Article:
Bright lights: Croatia is the place for dance-music fans in summer (Khris Cowley)Annular eclipse
Mozambique, September 1
This ring of fire will be a phenomenal spectacle to witness from your sunlounger on Ibo Island, in the Quirimbas archipelago. It’ll be one of the best spots on earth from which to see the moon almost entirely cover the sun, leaving just a boiling orange border at its edges. Keep yourself occupied either side with snorkelling, beachcombing and a dhow safari. Expert Africa has a package from August 30, including six nights, full-board, at the Ibo Island Lodge and domestic transfers, but not international flights, from £2,045pp (expertafrica. com). Flights from London to Pemba via Nairobi start at £785 with Qatar Airways and LAN.
New York Fashion Week
The word from Claudia Croft, Style magazine’s head of fashion, is that unless you’re a model, a designer or Anna Wintour, you shouldn’t bother with Milan or Paris. The friendliest fashion week for the general public (London aside) is in New York. There’s a February edition, but for fewer blizzards, save yourself for September. Don’t expect to get into the runway shows — although Givenchy gave away 1,200 tickets for its show last autumn — but look out for talks, parties and city boutiques hosting their own events (nyfw.com). The Hilton New York Fashion District, in Chelsea, has doubles from £133 (hilton.com). Fly to New York with British Airways; from £370.
Seurat and Signac in Vienna
September 16-January 8, 2017
Go dotty over the masters of pointillism at the Albertina museum. Georges Seurat and Paul Signac were the form’s main practitioners, but this exhibition, From End to Beginning, shows that Van Gogh was also a key dabbler, while Picasso and Matisse took inspiration from the technique (albertina.at). Just as colourful are the interiors at the circus-themed 25Hours hotel (doubles from £75; 25hours-hotels.com). Fly to Vienna with Eurowings.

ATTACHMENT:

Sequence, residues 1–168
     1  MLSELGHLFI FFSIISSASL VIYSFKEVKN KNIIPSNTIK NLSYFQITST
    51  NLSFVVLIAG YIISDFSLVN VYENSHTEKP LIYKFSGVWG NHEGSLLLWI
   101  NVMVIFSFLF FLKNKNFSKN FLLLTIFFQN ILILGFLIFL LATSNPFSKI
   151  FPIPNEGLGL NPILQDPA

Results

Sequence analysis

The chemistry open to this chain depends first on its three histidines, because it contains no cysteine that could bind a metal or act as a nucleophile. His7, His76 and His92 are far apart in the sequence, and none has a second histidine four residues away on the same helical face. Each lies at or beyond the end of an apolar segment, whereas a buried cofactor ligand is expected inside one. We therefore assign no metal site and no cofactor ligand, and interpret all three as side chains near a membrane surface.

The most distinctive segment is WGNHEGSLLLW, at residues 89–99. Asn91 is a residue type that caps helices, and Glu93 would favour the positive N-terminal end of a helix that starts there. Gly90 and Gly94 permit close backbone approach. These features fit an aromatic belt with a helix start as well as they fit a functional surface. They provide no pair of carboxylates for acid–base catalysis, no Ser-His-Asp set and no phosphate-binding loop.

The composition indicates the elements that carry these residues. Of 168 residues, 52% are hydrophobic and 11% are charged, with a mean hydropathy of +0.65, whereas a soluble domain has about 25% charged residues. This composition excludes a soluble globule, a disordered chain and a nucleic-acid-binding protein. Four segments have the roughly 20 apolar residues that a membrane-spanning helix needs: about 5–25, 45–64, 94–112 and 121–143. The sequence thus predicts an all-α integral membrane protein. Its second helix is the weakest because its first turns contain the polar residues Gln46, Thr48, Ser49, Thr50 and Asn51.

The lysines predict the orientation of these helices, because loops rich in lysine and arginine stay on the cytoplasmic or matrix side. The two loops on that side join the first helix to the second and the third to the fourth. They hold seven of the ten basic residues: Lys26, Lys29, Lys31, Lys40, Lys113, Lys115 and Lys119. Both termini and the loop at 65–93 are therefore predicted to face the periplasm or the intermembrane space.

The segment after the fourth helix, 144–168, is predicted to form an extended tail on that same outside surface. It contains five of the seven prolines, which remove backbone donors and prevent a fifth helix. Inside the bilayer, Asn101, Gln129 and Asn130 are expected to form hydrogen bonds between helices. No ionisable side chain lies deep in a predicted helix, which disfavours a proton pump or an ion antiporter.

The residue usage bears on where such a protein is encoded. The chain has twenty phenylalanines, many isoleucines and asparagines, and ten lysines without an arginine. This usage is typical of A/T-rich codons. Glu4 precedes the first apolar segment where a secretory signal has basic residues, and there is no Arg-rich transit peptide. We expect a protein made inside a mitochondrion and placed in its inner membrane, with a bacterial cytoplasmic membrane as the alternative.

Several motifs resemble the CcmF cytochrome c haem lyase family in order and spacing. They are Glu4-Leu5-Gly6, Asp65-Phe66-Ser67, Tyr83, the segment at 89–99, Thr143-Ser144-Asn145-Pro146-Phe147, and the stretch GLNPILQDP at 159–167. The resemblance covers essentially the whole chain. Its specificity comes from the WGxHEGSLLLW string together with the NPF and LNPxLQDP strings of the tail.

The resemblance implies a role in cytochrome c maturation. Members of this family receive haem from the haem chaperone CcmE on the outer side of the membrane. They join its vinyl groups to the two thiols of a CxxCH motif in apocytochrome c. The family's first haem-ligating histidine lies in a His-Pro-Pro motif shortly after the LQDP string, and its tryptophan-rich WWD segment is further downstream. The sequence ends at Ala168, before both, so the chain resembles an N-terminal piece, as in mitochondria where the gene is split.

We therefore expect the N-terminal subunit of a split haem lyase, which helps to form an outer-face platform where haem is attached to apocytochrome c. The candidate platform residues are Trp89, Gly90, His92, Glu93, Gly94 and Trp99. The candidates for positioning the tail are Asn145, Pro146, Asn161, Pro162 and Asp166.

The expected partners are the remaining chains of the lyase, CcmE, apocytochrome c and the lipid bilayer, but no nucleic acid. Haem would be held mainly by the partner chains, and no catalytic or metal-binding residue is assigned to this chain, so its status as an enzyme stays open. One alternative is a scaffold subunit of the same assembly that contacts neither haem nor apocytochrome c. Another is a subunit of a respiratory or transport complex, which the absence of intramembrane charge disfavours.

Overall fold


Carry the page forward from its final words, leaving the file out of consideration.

Ryder Cup golf
Minnesota, September 27-October 2
With Tiger Woods set to be vice-captain of the American team, and Europe keen to defend their title, the Ryder Cup at the Hazeltine National Golf Club should be another classic. Ryder Cup Travel Services has five nights’ B&B at the InterContinental Hotel Saint Paul, and tickets for the opening ceremony and all three days’ play, from £2,110pp (rcts.co.uk ). Fly to Minneapolis with Virgin Atlantic; from £430 return.
A rehearsal of Puccini’s Turandot for the Bregenz Opera Festival (Jan Hetfleisch/Getty Images)Cheltenham Literature Festival
This year’s line-up for the Times- and Sunday Times-sponsored event is yet to be confirmed, but it has big boots to fill. The stars of 2015, who took part in more than 500 readings, signings, talks and interviews, included Salman Rushdie, Jonathan Franzen, Mary Beard, Nigella Lawson, Ranulph Fiennes and Nick Frost. Travel’s Jon Holmes, Susan d’Arcy and Stephen Bleach were there, too. As it’s the 400th anniversary of Shakespeare’s death, expect lots of Bard-related events (see panel, page 21). Find out more at cheltenhamfestivals.com. Stay at No 131 (doubles from £150; no131.com).
Alba White Truffle Fair
Piedmont, Italy, October 8-November 20
Think black truffles are posh? The white ones are in another league, selling for £1,500 a kilo. They’re best eaten fresh out of the ground, grated over buttery tagliatelle, where they grow, in peaty soil beneath the woodlands of Alba. Between rich meals at the town’s annual festival, entertainment includes truffle auctions, cooking demos, markets, wine tastings, live music, a donkey Palio and the truffle-dog championships (prices vary; fieradeltartufo.org). Stay at La Villa, a family-run hotel in Casalotto (doubles from £144, B&B, lavillahotel.net). Fly to Milan with Ryanair. A week’s car hire starts at £100 with Carrentals.co.uk.